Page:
Hope this helps - along with the drawing.

cooi (author)2011-04-22

WOW! The quilt backing is really a beautiful touch!

busysdizzy (author)2011-04-22

I LOVE this idea!! I have made many scrappy string quilts and usually back them with flannel or fleece to avoid quilting something so heavy. This is a wonderful idea that cuts down on the one step in making a quilt that I try to avoid. Thankyou!

bptakoma (author)2011-04-17

Great idea --
In step 2, are you sewing the strips to each other, or directly on top of the batting? I guess it's on top of the batting, which is why you quilt as you go. Are there any tips to keep it aligned/keep the batting from puffing things out of place? Do you need a wider seam allowance than the traditional quilters 1/4 inch? Normal stitch length?

casburkhart (author)bptakoma2011-04-17

Sew the schnibbles directly onto the batting (and through the backing square). While you are sewing on the strips, the batting tends to warp, but try to keep the back fabric flat. (I have several pleats where the fabric folded slightly on itself.)

As for keeping it aligned, it doesn't matter if it goes slightly wonky, or if it is crooked, or even if you accidently sew on a schnibble with the back of the fabric showing rather than the front. With all the colors and patterns, no one can tell if it is not perfect. The seams can be whatever width you want, some of mine are much more than 1/4". And yes I use a normal stitch length.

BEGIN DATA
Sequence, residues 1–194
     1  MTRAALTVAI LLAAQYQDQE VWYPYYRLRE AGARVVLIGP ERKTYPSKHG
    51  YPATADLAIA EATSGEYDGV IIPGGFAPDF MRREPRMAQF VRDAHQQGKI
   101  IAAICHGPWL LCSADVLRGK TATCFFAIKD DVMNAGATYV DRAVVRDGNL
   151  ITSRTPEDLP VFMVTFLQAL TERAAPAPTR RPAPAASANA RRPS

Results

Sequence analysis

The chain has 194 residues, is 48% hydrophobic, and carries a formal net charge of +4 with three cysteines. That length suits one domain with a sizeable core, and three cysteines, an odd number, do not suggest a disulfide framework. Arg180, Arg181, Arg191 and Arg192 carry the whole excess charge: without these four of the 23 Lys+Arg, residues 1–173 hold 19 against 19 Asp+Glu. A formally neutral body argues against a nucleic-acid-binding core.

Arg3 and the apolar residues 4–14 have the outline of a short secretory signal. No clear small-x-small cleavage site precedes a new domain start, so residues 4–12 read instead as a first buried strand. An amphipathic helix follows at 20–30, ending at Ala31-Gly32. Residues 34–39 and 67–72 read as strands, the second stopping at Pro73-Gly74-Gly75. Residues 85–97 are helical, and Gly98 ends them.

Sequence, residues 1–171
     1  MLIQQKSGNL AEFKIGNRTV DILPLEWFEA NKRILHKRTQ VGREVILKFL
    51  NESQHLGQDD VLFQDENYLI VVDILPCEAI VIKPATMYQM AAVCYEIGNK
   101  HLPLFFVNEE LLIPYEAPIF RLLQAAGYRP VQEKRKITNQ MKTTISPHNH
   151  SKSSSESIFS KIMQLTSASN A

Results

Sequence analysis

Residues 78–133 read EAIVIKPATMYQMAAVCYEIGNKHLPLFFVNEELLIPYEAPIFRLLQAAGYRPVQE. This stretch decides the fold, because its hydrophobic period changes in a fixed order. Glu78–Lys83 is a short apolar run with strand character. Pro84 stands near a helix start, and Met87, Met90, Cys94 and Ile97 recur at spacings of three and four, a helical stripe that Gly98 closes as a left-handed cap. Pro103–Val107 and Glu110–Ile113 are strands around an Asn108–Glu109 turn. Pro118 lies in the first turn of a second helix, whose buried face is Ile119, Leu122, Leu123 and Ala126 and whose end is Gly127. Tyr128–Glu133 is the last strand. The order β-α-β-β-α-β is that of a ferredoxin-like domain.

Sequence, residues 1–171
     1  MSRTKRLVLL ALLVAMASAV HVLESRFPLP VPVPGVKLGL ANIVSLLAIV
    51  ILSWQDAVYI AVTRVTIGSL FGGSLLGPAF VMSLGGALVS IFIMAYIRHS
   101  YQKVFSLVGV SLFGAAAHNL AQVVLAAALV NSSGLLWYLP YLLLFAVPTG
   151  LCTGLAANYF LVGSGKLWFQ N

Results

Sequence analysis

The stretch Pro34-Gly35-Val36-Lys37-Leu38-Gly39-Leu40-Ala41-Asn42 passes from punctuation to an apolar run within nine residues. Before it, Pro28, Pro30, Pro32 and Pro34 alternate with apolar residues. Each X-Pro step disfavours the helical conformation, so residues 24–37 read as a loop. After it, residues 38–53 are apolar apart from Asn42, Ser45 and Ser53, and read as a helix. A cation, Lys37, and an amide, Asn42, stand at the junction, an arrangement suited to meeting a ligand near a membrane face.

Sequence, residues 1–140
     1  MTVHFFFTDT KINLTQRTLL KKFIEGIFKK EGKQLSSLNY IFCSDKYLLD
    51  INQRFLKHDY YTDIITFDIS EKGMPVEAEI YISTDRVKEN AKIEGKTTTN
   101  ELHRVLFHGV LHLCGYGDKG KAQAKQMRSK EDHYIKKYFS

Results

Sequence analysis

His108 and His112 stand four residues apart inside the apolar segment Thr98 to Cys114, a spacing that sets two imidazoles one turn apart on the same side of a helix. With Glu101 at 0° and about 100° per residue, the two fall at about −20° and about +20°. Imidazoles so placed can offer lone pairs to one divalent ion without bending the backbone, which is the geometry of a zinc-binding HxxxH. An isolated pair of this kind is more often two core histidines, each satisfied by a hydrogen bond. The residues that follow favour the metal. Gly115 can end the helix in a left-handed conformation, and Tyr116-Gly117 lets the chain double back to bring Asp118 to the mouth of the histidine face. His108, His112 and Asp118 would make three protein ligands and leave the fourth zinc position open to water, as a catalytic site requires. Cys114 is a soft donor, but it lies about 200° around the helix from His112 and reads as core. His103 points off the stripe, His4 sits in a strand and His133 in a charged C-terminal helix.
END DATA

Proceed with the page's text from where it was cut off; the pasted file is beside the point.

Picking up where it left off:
aholst (author)2011-04-17

Schnippelche sounds like a West Prussian dialect, I heard my grandma using it sometimes. So it might well be proper German, just from areas that aren't Germany anymore these days!

Lovely quilting, I should really get my sewing machine out of storage...

sparracco1 (author)2011-04-15

i am SO going to try this! thanks! ;-]

BrittLiv (author)2011-04-14

Hi, I'm German and have never heard of the word "schnippelche" here we call what you mean "Schnipsel" or "Schnippel" (e.g. in Berlin).
Great jop on your ible!

casburkhart (author)BrittLiv2011-04-14

You're right, I looked in the PA German/English dictionary instead of the German/English dictionary. I should have used your word "Schnippel" Thank you for the correction. But I'll still use my spelling and pronunciation. How do you pronounce "Schnippel"?

abbyholverson (author)2011-04-14

Beautiful! I love your technique of quilting as you go. It makes it so easy!

cdawisconsin (author)2011-04-14

Beautiful =)